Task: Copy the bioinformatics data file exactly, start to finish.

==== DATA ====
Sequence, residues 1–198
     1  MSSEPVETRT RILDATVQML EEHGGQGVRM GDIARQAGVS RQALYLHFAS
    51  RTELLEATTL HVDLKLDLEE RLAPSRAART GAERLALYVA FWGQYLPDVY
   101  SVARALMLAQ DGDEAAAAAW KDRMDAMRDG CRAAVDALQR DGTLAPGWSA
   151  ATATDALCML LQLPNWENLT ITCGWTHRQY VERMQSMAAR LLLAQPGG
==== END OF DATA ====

Sequence, residues 1–198
     1  MSSEPVETRT RILDATVQML EEHGGQGVRM GDIARQAGVS RQALYLHFAS
    51  RTELLEATTL HVDLKLDLEE RLAPSRAART GAERLALYVA FWGQYLPDVY
   101  SVARALMLAQ DGDEAAAAAW KDRMDAMRDG CRAAVDALQR DGTLAPGWSA
   151  ATATDALCML LQLPNWENLT ITCGWTHRQY VERMQSMAAR LLLAQPGG